Photo Credit: YouTube screenshot
Swiss-Jewish artist Miriam Cahn.

Swiss artist Miriam Cahn who was born in 1949 in Basel to a family of Jewish immigrants who fled Nazi persecution in Germany and France, says she wants to remove all her works on display at the Zurich Art Museum in response to the outcry over the museum’s Bührle collection suspected of being linked to art looted by the Nazis. Cahn announced her decision in a letter that was published on Wednesday by the Jewish magazine Tachles (Miriam Cahn zieht ihre Bilder vom Kunsthaus Zürich ab).

According to the Zurich-based German-language Sunday newspaper SonntagsBlick, earlier in December, a heated debate erupted over the origin of the collection’s 203 works on display at the Zurich museum.


German industrialist Emil Bührle, who died in 1956, earned his wealth from selling arms to Germany during and after World War II. He used his fortune to accumulate an art collection which he bequeathed to the foundation bearing his name. The Bührle Foundation insists that none of the works on display in Zurich—where Bührle settled down in 1929—were looted from Jews. Nevertheless, the museum’s display of works belonging to the foundation is considered an insult to the victims of the Holocaust. In response, the museum announced that it plans to launch an independent commission to investigate the source of the works.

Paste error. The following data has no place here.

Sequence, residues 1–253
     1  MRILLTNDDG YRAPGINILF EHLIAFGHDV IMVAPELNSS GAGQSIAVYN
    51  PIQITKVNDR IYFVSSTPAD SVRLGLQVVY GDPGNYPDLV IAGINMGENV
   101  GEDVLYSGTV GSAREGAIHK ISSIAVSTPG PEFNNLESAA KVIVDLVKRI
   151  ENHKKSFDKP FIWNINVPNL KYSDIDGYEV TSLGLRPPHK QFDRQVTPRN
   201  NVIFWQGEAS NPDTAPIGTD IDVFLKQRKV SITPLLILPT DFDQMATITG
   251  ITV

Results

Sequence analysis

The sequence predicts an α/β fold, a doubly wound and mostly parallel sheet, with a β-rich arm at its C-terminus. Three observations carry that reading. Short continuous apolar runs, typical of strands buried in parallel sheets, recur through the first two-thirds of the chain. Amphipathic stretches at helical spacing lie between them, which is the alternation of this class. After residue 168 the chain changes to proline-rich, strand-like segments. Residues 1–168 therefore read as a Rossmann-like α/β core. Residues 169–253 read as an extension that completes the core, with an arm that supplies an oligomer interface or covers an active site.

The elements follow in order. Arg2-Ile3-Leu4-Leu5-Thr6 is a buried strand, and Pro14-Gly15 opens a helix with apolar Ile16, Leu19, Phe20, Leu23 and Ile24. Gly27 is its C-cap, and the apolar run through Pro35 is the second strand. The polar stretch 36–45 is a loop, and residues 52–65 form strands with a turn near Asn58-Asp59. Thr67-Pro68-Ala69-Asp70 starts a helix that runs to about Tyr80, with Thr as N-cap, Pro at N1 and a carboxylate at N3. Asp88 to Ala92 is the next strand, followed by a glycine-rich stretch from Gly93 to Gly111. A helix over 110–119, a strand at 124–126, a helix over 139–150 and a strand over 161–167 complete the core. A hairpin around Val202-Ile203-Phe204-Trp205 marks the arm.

Painting by Miriam Cahn. / Courtesy of the Museum of Modern Art in Warsaw via Wikimedia

“I no longer want to be represented in ‘this’ art museum in Zurich,” Cahn said in her letter. “I wish to remove all my works from the Zurich Art Museum. I will buy them back at the original sale price.”

“Buying art doesn’t whitewash! Collecting art doesn’t make you a better person!” Cahn wrote.

Cahn is a world-famous figurative painter, sculptor, and author. Her pictures can be found in leading museums around the world, including the Museum of Modern Art (MoMa) in New York City. In the past year, there were extensive exhibitions of works by Cahn in Basel, Munich, and Paris.

Meanwhile, Guy Bollag, the son of a Zurich gallery owner who serves as the spokesman for a group of like-minded Jewish colleagues, issued an open letter to Zurich Mayor Corine Mauch, on behalf of “Jewish families who had to endure a lot of suffering in Switzerland during the Second World War.” Bollag called on the mayor to intervene in the museum and the Bührle foundation brouhaha, “Your silence as elected mayor and politically responsible for the city of Zurich in the Bührle-Kunsthaus case is deafening and unbearable. We reach you as Jewish people, as descendants of families who have suffered a lot from the Holocaust and anti-Semitic official acts in Switzerland at the time. We feel slapped and abandoned…”


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